“Ground Zero Mosque” Imam talks tolerance

Guest Contributor Sam Greenberg, SY ’13

Imam Feisal Rauf, founder and chairman of the Cordoba Initiative, will give a talk on religious tolerance and interfaith cooperation at Yale on March 23 at 7:30 p.m. in Sheffield-Sterling Strathcona Hall, 1 Prospect Street. The discussion, organized by Jews and Muslims at Yale, will be moderated by Rabbi James Ponet, head of the Slifka Center for Jewish Life. It is free and open to the public.

Imam Rauf has received national and international attention for his efforts to increase understanding and acceptance between Americans and the modern Muslim world, which is the stated goal of the Cordoba Initiative. Among his projects is the Cordoba House near the World Trade Center site in lower Manhattan, the controversial proposal to build an Islamic Community Center to serve New York’s Muslim population. Imam Rauf also founded the American Society for Muslim Advancement, a nonprofit that works to build understanding between the general public and the Muslim community through dialogues in faith, identity, culture and arts.

The Imam’s talk will emphasize how moderate-minded Americans of all faiths and backgrounds can join together to promote peace and work against the forces of extremism. The undergraduate organization Jews and Muslims at Yale strives to create understanding and dialogue between Jews and Muslims in the Yale community on religious and political issues. The group seeks to foster strong ties and lasting friendships among its members that can help break down barriers and create new perspectives on present conflicts.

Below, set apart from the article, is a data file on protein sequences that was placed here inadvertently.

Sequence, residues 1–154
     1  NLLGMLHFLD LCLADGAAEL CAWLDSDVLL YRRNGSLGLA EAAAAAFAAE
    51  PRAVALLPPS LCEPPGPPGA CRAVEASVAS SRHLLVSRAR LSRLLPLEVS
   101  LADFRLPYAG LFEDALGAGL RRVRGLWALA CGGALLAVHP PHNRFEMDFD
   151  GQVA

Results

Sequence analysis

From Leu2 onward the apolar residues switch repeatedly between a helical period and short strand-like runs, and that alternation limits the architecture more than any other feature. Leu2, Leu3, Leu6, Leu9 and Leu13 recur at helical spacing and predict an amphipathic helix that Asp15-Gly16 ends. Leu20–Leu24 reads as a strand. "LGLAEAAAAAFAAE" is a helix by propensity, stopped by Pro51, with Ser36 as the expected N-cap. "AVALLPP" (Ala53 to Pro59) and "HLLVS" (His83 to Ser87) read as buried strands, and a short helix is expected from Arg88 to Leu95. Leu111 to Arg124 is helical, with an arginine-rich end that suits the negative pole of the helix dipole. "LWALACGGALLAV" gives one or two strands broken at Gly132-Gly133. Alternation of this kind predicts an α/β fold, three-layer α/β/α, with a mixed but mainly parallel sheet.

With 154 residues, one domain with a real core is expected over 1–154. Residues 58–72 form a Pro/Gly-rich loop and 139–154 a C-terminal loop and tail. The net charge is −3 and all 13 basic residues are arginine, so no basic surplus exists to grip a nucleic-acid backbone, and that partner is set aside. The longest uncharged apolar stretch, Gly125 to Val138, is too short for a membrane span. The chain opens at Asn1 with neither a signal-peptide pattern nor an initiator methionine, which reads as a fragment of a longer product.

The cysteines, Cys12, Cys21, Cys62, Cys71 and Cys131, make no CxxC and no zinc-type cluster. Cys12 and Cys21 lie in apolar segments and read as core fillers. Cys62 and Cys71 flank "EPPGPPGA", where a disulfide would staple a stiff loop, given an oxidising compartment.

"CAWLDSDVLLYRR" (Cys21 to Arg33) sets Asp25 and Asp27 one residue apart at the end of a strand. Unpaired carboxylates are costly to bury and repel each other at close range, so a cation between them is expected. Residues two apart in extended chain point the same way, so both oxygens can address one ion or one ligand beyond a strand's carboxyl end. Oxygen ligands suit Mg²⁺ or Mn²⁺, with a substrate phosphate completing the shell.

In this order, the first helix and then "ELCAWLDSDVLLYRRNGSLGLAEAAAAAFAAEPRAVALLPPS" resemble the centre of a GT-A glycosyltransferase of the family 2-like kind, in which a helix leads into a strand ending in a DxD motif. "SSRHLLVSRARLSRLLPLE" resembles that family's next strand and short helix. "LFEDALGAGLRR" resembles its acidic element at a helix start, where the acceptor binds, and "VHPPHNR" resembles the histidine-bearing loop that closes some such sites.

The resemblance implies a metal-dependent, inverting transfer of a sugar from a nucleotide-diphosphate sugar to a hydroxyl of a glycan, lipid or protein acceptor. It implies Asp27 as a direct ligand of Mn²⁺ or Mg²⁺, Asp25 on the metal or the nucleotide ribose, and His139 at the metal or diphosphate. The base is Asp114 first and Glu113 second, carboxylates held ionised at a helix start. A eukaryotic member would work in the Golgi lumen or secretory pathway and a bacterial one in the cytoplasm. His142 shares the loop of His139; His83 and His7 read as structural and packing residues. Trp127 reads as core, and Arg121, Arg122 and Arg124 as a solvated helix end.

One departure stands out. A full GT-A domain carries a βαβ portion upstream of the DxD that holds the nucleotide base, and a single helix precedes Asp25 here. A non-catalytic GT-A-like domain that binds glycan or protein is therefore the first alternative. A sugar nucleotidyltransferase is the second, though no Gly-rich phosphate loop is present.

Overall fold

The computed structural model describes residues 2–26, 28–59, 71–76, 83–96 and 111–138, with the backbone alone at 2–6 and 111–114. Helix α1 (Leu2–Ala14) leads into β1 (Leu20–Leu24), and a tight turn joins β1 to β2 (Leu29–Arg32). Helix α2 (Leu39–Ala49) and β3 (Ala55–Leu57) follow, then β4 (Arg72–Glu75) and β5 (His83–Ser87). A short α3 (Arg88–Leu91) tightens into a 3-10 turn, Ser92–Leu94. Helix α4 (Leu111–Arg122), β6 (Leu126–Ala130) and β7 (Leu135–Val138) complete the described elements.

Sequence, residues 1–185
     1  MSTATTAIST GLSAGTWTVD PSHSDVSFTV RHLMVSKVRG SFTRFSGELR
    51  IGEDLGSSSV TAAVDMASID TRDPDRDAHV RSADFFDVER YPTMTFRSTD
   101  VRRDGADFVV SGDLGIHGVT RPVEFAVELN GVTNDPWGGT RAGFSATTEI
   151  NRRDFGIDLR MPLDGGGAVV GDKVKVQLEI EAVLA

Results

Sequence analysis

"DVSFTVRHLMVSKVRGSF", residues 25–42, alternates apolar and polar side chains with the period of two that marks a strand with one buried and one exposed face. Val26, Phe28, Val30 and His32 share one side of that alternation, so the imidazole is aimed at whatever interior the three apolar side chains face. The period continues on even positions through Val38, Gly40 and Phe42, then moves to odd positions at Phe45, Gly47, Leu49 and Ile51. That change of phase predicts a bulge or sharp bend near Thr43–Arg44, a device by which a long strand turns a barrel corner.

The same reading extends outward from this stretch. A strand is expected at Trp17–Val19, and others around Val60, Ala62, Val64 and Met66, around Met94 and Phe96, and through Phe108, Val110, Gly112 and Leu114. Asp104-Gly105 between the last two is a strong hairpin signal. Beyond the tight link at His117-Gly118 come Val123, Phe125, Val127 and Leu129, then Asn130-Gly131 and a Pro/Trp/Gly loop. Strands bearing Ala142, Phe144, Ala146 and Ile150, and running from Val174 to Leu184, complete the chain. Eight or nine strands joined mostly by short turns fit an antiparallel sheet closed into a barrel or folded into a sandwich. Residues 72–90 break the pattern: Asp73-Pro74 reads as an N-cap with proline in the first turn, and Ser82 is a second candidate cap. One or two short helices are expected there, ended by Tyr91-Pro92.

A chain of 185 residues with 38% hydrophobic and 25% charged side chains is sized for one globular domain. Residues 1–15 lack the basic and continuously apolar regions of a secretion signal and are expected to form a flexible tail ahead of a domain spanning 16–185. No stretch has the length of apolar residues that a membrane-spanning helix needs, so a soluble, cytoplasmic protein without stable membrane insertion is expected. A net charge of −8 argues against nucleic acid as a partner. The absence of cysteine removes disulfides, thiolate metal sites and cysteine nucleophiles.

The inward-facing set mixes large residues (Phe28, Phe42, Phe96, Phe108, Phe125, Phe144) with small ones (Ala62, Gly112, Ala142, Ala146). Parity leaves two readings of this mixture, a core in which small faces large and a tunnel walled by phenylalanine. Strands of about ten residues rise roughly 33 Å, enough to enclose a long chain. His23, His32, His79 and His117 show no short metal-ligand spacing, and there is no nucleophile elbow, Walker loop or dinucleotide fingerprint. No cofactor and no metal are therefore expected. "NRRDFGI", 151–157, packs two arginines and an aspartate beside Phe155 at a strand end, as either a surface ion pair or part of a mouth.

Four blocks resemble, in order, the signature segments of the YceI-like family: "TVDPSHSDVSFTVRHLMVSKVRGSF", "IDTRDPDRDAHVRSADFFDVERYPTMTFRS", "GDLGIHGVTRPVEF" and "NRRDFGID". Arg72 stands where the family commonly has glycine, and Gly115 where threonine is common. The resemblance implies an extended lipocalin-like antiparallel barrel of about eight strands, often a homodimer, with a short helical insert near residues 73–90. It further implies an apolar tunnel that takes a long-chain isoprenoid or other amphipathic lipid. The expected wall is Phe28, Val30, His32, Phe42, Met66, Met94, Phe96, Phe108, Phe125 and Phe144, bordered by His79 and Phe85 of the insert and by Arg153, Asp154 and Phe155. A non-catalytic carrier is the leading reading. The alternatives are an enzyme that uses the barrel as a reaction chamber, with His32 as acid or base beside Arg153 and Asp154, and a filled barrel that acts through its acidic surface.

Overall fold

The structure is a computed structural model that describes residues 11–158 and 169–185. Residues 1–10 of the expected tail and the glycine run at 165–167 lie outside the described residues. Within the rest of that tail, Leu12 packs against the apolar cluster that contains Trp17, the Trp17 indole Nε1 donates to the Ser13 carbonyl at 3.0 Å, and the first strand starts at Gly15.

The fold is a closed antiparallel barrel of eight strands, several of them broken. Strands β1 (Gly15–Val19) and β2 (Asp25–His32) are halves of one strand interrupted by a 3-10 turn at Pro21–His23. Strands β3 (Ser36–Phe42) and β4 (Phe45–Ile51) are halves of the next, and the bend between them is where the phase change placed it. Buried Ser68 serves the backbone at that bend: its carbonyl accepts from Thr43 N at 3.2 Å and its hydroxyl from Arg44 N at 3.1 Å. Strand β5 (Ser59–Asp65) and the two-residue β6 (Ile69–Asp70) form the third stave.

The event is generously co-sponsored by the Intercultural Affairs Council of Yale College, the Slifka Center for Jewish Life, the Yale Divinity School, and the Chaplain’s Office.

For more information on the Imam and the “Ground Zero Mosque” controversy, check out some articles on the topic here.

Recap of Islamic Awareness Month Kick-Off and Ivy Muslim Conference (Part 1)

Flyer from MSA Meet & Greet, the kickoff event for Islamic Awareness Month at Yale

Meet and Greet
This month the Muslim Student’s Association of Yale is hosting a series of events as part of Islamic Awareness Month. Their first event was the kick-off meet and greet. So many people showed up that by the time I arrived a lot of the (TURKISH!) food was gone. But no worries because they still had a chocolate fountain.

Over 100 people attended the conference.

Conference Opening

There was a noticeable buzz when I arrived in the Dwight Hall Chapel. Students from Brown, Columbia, Cornell, Dartmouth, and even Brandies had traveled to Yale for the first ever Ivy Muslim Conference. Inclement weather had forced several schools’ delegations and two key speakers from DC to cancel last minute, but the conference was still well underway. Though I couldn’t grasp the meaning of the introductory prayer read from the Qur’an, I was still astounded by the audience. Among the 50 or so seated people and the dozen or more standing around there was much more ethnic diversity than I had expected. Of course I had met Caucasian Muslims before and had a Chinese Muslim friend in high school but I went into the conference without remembering that Islam transcends race. This small insight got me thinking a lot; this would be a running theme throughout the day.

Reflections from Ivy Muslim Conference

Though I’m not Muslim myself, I decided to stop by the Muslim Ivy Conference last weekend, hosted by the Muslim Students Association (MSA) at Yale. It turned out to be an awesome experience to meet students from other Ivy League schools and learn about one of the world’s most influential religions.

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